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FROM THIS EPISODE

Proposition 23 on the November ballot has divided California's business community between those who make and depend on fossil fuels and those who hope to profit from the green economy. How long would it delay the state's effort to limit greenhouse gases? How many jobs would be lost in the short term? Why is Prop 23 posing particular problems for Republican candidates running statewide? Also, the LAPD and community opposition, from Gates to Bratton to Beck. On our rebroadcast of today's To the Point, the run on Kabul Bank in Afghanistan raises a disturbing question: what if government corruption is more dangerous than the Taliban?

Banner image: Detail from cover of California at the Crossroads: Proposition 23, AB 32, and Climate Change

Producers:
Christian Bordal
Darrell Satzman
Andrea Brody

Reporter's Notebook LAPD Chief Beck Tries to Diffuse Tensions over Westlake Shooting 6 MIN, 51 SEC

Last night was the third in a row for street protests against the Los Angeles Police Department in the Westlake District near MacArthur Park. It's a mostly Latino neighborhood, where residents are angry about Sunday's LAPD shooting of a drunken man who allegedly threatened the officer with a knife. Before the street action got underway, Chief Charlie Beck attended a community meeting. Freelance journalist Celeste Fremon has covered the LAPD for many years. She blogs at WitnessLA.com.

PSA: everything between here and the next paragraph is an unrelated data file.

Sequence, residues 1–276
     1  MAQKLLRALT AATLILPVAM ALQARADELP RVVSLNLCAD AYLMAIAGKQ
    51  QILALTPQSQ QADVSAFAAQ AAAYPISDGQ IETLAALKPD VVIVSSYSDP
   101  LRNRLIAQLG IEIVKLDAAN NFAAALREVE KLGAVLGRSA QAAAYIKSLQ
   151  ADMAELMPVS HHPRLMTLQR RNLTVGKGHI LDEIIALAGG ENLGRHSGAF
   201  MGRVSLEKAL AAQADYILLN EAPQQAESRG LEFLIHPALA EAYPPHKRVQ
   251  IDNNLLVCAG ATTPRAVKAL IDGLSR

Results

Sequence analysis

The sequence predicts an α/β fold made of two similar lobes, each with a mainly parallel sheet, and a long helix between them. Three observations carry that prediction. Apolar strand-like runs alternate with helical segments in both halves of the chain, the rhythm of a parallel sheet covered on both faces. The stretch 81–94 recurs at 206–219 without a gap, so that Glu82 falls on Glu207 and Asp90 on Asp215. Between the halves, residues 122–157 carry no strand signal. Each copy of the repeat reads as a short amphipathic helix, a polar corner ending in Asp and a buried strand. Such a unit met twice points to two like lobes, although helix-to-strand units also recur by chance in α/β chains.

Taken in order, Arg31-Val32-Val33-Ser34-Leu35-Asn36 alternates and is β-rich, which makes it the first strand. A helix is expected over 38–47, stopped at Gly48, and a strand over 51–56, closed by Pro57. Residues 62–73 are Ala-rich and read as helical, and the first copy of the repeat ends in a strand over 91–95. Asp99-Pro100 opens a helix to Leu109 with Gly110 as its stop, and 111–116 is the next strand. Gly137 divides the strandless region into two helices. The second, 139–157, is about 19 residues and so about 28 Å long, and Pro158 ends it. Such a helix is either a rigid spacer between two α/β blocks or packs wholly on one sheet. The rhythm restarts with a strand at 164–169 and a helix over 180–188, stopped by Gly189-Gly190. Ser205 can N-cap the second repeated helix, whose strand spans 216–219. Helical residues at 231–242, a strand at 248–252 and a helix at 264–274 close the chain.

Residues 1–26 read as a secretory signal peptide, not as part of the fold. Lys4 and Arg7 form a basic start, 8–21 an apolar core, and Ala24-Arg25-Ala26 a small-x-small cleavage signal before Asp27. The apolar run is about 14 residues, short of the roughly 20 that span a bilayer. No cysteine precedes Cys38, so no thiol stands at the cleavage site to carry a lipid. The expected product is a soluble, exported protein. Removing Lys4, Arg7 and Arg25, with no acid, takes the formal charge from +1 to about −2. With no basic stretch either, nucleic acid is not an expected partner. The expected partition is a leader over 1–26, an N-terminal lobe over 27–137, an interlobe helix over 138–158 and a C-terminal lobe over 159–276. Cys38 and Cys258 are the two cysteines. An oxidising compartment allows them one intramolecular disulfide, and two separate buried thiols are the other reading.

Guests:
Celeste Fremon, WitnessLA.com (@witnessla)

Main Topic The Run on Kabul Bank: Corruption and the Karzai Government 26 MIN, 21 SEC

After Somallia, Transparency International now ranks the government of Afghanistan as the most corrupt in the world.  The latest evidence is the crisis involving Kabul Bank, Afghanistan's most important private financial institution.

Guests:
Adam Ellick, Correspondent, New York Times
Alam Payind, Director, Ohio State University's Middle East Studies Center
Juan Cole, University of Michigan (@jricole)
Brian Katulis, Center for America Progress (@Katulis)

Main Topic California Politics and Global Warming 18 MIN, 52 SEC

Proposition 23 on the November ballot would suspend Governor Schwarzenegger's proudest achievement, AB 32. The law that sets limits on emissions of greenhouse gases would not go back into effect until unemployment stayed at 5.5% for four consecutive quarters. The Prop 23 campaign is funded mostly by out-of-state energy companies. It's supported by the business-oriented base of California's Republican Party but, in a blue state where Independents will make the difference, Republican candidates are having trouble. The campaign against it is getting money from Silicon Valley and other centers of the so-called "green economy."  The law school at UC Berkeley issued a study today called California at the Crossroads: Proposition 23, AB 32 and Climate Change.

Guests:
Jack Stewart, President, California Manufacturers and Technology Association
Dan Farber, Director, UC Berkeley's Environmental Law Program
Carla Marinucci, San Francisco Chronicle (@cmarinucci)

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